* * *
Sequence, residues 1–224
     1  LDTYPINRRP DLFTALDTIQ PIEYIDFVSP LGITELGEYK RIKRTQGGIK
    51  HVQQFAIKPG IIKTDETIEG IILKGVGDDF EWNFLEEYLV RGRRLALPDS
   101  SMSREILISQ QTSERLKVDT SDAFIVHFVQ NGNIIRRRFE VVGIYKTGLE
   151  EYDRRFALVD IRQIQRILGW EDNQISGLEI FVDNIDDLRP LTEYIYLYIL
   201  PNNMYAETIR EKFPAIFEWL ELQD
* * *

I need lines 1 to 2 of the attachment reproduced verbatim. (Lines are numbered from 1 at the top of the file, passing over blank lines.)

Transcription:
Sequence, residues 1–224
     1  LDTYPINRRP DLFTALDTIQ PIEYIDFVSP LGITELGEYK RIKRTQGGIK